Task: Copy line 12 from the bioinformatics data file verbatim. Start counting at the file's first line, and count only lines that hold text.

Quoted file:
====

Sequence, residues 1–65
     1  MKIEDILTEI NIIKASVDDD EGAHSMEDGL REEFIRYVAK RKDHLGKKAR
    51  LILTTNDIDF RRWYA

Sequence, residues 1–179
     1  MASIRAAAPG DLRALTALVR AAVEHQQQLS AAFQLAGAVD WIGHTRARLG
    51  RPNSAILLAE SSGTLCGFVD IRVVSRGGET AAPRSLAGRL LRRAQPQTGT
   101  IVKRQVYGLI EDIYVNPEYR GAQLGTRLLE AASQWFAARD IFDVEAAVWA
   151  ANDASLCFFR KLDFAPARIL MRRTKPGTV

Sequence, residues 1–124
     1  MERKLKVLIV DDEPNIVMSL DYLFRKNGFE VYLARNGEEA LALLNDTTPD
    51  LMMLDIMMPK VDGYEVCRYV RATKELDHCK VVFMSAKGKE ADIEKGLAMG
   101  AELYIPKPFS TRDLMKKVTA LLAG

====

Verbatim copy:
   101  AELYIPKPFS TRDLMKKVTA LLAG